A reader says many tennis fans are getting tired of Victoria Azarenka's antics. Other letter topics: reading standards, pet care standards, university training standards and nuclear-disclosure standards.
Prima donna behaviour wears thin
The standard of reading among students in UAE schools described in Girls far outperform boys in reading and science (February 24) is quite shocking.
But then, the students are not to blame for poor reading habits. It is the system, or rather modern society, that's to blame. We are rapidly experiencing change or "modernisation" in this world, but we are not taking the required measures to maintain many values for the future. Reading is just one of those things that if not safeguarded will perish with time.
The last part of the article stressed the importance of reading in the library. But we can't tell the youth of today: "OK, you've got to read. Now go to the library." There aren't enough libraries, not at convenient locations anyway. We must have more libraries in every area in the city and beyond, so the students have the enthusiasm to discover what's in there. They aren't going to go to some other place at the other end of the city just to read.
Amir Shah, Abu Dhabi
Pets deserve long-term care
In Pets prove the high cost of unconditional love (February 25) the director of Urban Tails, Aideen O'Mara, is quoted as saying: "The dog was deaf. She was born in Spain, was taken away from the mother way too young and put on a private jet that burst her eardrums."
As someone who has worked for people who lost interest in their numerous dogs after a period of weeks, I am not surprised to hear that the dog was taken from the mother prematurely and flown inappropriately, which destroyed its hearing.
Dogs in this region are too often thought of as short-term novelties rather than as 10 to 20-year commitments.
Brian Meegan, Dubai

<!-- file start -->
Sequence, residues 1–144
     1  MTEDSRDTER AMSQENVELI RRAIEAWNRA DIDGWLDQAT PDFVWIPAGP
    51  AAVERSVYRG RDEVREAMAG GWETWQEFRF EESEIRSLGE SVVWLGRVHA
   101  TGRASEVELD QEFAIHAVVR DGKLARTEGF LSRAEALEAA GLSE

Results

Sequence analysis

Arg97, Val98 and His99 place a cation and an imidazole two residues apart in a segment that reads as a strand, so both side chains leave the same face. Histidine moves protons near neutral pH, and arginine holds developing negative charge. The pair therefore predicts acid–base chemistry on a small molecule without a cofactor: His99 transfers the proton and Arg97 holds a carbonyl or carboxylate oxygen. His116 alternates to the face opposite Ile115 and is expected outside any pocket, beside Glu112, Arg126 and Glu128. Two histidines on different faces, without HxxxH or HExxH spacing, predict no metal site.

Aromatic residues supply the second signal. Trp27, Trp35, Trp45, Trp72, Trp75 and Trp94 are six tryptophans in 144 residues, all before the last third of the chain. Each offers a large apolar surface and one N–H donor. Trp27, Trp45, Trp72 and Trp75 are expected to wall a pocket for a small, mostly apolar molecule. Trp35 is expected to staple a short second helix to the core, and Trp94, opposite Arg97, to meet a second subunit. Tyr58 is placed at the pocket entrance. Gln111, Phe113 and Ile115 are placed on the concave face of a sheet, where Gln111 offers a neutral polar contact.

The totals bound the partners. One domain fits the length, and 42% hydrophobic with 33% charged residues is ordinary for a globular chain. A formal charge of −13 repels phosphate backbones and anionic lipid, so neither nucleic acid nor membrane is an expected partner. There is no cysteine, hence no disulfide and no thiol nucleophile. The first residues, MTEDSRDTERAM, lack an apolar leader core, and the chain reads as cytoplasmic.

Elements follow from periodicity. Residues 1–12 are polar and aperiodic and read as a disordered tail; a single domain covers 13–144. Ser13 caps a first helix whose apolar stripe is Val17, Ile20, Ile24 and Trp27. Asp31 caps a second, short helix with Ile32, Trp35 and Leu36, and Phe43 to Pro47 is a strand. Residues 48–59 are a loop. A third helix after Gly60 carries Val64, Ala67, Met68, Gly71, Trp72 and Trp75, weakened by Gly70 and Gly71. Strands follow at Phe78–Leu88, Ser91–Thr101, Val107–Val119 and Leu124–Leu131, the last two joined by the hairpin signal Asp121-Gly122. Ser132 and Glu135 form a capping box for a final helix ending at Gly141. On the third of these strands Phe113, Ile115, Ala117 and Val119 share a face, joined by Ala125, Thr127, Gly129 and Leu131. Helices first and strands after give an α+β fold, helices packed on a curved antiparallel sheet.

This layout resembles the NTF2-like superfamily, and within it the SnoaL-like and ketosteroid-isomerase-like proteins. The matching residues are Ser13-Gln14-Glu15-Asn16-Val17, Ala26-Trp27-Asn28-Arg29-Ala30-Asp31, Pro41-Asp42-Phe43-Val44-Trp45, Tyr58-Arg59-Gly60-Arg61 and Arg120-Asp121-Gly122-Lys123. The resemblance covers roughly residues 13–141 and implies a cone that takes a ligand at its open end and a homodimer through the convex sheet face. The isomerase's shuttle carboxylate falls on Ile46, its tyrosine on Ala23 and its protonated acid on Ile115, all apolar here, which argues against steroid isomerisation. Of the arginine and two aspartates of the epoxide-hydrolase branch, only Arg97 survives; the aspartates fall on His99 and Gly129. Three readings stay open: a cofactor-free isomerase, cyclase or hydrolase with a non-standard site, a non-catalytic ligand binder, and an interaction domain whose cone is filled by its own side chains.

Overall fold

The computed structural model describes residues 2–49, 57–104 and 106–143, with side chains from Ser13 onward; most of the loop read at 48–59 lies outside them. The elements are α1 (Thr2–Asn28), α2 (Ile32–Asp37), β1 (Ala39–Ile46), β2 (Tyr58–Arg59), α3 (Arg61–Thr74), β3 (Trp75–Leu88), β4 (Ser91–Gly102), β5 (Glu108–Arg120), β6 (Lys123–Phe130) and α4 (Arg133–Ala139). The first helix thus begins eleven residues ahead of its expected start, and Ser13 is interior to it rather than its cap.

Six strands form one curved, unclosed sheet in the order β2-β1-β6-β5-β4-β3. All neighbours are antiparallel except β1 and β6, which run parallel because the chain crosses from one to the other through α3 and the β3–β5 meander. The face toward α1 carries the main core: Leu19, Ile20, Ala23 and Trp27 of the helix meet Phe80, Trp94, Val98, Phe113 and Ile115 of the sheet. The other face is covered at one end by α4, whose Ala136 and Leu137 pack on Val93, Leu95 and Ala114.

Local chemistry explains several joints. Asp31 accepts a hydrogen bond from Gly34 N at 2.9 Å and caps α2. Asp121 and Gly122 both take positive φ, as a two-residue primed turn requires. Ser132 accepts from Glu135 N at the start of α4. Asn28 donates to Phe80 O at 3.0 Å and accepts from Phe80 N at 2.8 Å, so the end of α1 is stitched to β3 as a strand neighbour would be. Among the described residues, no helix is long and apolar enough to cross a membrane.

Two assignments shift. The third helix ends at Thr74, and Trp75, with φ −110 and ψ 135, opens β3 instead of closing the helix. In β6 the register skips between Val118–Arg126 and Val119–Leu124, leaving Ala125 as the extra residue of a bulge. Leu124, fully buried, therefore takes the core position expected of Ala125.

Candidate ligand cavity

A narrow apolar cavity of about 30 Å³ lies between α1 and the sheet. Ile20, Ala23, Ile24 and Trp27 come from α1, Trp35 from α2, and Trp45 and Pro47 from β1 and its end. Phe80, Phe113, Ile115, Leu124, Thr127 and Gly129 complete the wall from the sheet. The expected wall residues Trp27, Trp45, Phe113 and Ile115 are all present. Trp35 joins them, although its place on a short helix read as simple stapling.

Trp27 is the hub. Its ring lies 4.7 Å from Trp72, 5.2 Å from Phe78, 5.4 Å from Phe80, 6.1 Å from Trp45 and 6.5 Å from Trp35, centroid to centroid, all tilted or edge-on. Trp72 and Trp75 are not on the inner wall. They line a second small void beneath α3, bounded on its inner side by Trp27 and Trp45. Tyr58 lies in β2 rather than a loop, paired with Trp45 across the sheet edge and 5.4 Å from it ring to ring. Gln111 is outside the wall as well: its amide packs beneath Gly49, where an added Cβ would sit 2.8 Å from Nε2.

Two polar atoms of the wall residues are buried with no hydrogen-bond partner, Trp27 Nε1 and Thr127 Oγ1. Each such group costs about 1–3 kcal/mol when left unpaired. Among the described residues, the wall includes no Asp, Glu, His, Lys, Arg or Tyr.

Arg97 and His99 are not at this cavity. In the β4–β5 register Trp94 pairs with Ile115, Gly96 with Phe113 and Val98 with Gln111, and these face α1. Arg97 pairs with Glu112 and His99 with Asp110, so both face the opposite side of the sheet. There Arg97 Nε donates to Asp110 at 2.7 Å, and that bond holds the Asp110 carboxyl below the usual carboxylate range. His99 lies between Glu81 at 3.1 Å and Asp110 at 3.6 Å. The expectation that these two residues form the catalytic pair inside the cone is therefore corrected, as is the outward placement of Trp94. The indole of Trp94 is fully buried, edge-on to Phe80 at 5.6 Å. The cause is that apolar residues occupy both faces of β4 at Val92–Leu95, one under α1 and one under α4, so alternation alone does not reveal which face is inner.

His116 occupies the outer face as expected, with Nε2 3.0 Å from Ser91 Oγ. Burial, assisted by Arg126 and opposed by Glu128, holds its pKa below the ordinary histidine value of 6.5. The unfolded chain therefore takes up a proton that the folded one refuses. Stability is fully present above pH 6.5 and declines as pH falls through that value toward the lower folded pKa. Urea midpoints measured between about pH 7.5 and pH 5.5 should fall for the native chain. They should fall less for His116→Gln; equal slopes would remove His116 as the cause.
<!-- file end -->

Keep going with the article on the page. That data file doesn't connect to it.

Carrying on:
Azarenka's antics are wearing thin
I think Victoria Azarenka's recent withdrawal from the Dubai Tennis Championships thoroughly deserved the criticism it got (Agnieszka Radwanska upset with Victoria Azarenka's behaviour, February 25).
In fact, it would come as no surprise if the entire tennis world has had enough of her antics. How can the world's best player always sit with her headphones on, bobbing about to music, while her opponent and the umpire patiently wait for her to do the coin toss?
When she does grace them with her presence, she can't seem to stand still or make any eye contact, preferring to go through her service motion. Can't she wait 20 seconds? There's "the zone" and then there's just plain rude. Her grunting is one thing, but it's exasperating to have to watch someone at the pinnacle of sport behave like a spoilt junior-tennis brat.
Surely there are people in "the biz" whose job it is to talk to players about ridiculous behaviour like this. Or is money such a driving force in sport nowadays that everyone is too scared to stick their neck out?
Name withheld by request
Many lecturers got the right training
In the story Universities work on lecturers' language skills (February 25), Raymi van der Spek, the executive director at Wollongong in Dubai, is not correct in some of his statements.
Those of us who studied in American universities did receive additional training in pedagogy and communication skills. We also taught classes under supervision. I also learnt not to make generalised statements to the press.
Jane Bristol Rhys, Abu Dhabi
Are we asking too much of Iran?
Iran faces a delicate issue (US worries grow over Israeli strike on Iran, February 20). On the one hand it should show the world all it's got and put it at ease, while on the other hand it fears that such show-and-tell will give its enemies a road map to bomb it.
Saddam Hussein faced a similar dilemma 10 years ago. Although he wanted the world to know he had nothing to hide, he also wanted to bluff his archenemy Iran into believing that Iraq still had WMD. Bluffing did not go well for Saddam, and it might not go well for Mahmoud Ahmadinejad.
But since the price tag for getting rid of Saddam proved so high, maybe we ought to reflect what we are asking of Iran now. As threats to attack it increase, we are asking it to take us to the depths of its arsenal and show us all it's got.
We need a broader perspective.
Exactly when was the last time we asked Pakistan, India, China or Russia to show us their arsenal?
"But those countries are not advocating the destruction of Israel," you say. True, but Israel is not a thorn in their side either.
Surely, however, we can see beyond Iran's hyperbole and figure out its underlying purpose. Or have we forgotten that not all Iranians are thrilled with Mr Ahmadinejad?
George Kafantaris, Abu Dhabi